And thus writing here.

    I don’t think I’m adding anything:
    that there is, indeed like you said, no real answer. Because very often a answer if followed by another question. Or as you mentioned you end up in a circle. But maybe we should take a closer look to the ‘why’ we seek desire? And how it is defined? Personally I don’t necessarily believe that we have so much freedom, as we are shipped through life by society, family, heritage etc. But nonetheless, we can see that through different stages of our lives, that we look upon desire differently.

    In a sense I follow Kuhn, that we can never have all the answers, but that a new paradigm will give us a temporarily solitude with a few explanations.

    and what fun would life be if there would be no questions? When there would be no curious children finding out about the facts of life? Asking the simple and simultaneously deep question: “Why?”

    I was really intrigued by the first part, the part of Buddhism. Thank you for letting me grind my grey matter on something else then Law.

  4. As somebody who is not a
    As somebody who is not a Buddhist, I have to ask, what is wrong with following your desires? I don’t see any relevance to the question, “What is the object of your desire?” Who cares? The desire is there for a reason, why not pursue it to your fullest capabilities? I understand that there are a plethora of desires in the human psyche but I don’t see anything wrong with following and pursuing your own desires. In fact, I think it is good for a person to do so. Can a desire be the same as a goal? Who among us does not have goals that he/she wants to reach?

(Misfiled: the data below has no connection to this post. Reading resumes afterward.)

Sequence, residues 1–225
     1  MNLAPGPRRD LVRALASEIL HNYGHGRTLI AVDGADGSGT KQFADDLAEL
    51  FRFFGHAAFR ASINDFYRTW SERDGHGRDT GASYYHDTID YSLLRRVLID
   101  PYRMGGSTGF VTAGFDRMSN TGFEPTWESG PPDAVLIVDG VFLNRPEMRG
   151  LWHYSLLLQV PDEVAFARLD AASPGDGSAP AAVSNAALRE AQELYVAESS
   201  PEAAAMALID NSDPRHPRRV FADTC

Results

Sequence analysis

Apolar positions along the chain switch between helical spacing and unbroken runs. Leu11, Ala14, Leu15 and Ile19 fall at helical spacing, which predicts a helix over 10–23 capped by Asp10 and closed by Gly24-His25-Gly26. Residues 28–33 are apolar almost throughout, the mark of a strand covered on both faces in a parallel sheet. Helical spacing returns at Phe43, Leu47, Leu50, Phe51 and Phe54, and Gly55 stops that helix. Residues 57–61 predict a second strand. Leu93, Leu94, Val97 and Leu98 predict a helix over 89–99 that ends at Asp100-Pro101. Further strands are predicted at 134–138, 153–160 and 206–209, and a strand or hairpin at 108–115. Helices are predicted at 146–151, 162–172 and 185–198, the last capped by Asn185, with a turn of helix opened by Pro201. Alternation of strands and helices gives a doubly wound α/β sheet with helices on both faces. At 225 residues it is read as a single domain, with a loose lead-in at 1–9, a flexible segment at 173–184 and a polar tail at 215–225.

5. Catalyst, the reason is
    Catalyst, the reason is simply: because we see all around us people who are not happy. This was also what inspired the historical Buddha’s search for answers and eventual enlightenment, according to his life story.

  6. Far too much desire lies in
    Far too much desire lies in the idea that happiness will miraculously alleviate our frustrations, our un-happiness… It’s important to realize (thru contemplation and/or meditation) that the search for happiness is but yet another illusion that we insist will make our lives far better than what we have. Happiness/sadness – another duality that we live with but will never bring us enlightenment.

    Far better to accept contentment… pure simply contentment… not as radical as happiness and not as annoying as sadness… and far more comfortable to live with without the highs and lows that so many of us deal with in our lives. Just accept this moment… this Now that has no room for anything but Being.

    How many so foolishly take drugs or drown ourselves in alcoholic stupor because we are unable to find or even keep happiness? The great Pharma has made billions off the illusion that our lack of happiness has a cure thru a pill.

    Happiness is but yet another desire that we long for in our imaginations, believing that this desire fulfilled will be our final desire… that will keep us from harm and will make us wonderful people with so much to give. Illusions are a dime a dozen that end up costing us fortunes if not our lives. Happiness will eventually lead us to sadness… invariably, as we get caught in the duality of life… up and down, up and down we go in search of another illusion to bring us happiness. Where is your Now?

  7. Levi, I don’t think that
    Levi, I don’t think that desires are the same thing as goals, as Catalyst suggests. Desires are impulses, visceral needs, that are often tied to pleasure and excitement or to relief from pain (be it physical or psychological). Desire aims at an adrenaline rush or an escape. Those who live primarily to satisfy their desires end up living an unhappy life, an insatiable life, filled with big appetites, small thrills and a new dissatisfaction, a new need. Exactly as Schopenhauer argues. Often, they end up addicted to substances, people or behaviors (Amy Winehouse’s sudden but not surprising death comes to mind). But I think that setting goals and attempting to achieve them is very different. It can give people a sense of purpose in life and helps them accomplish worthwhile things. Claudia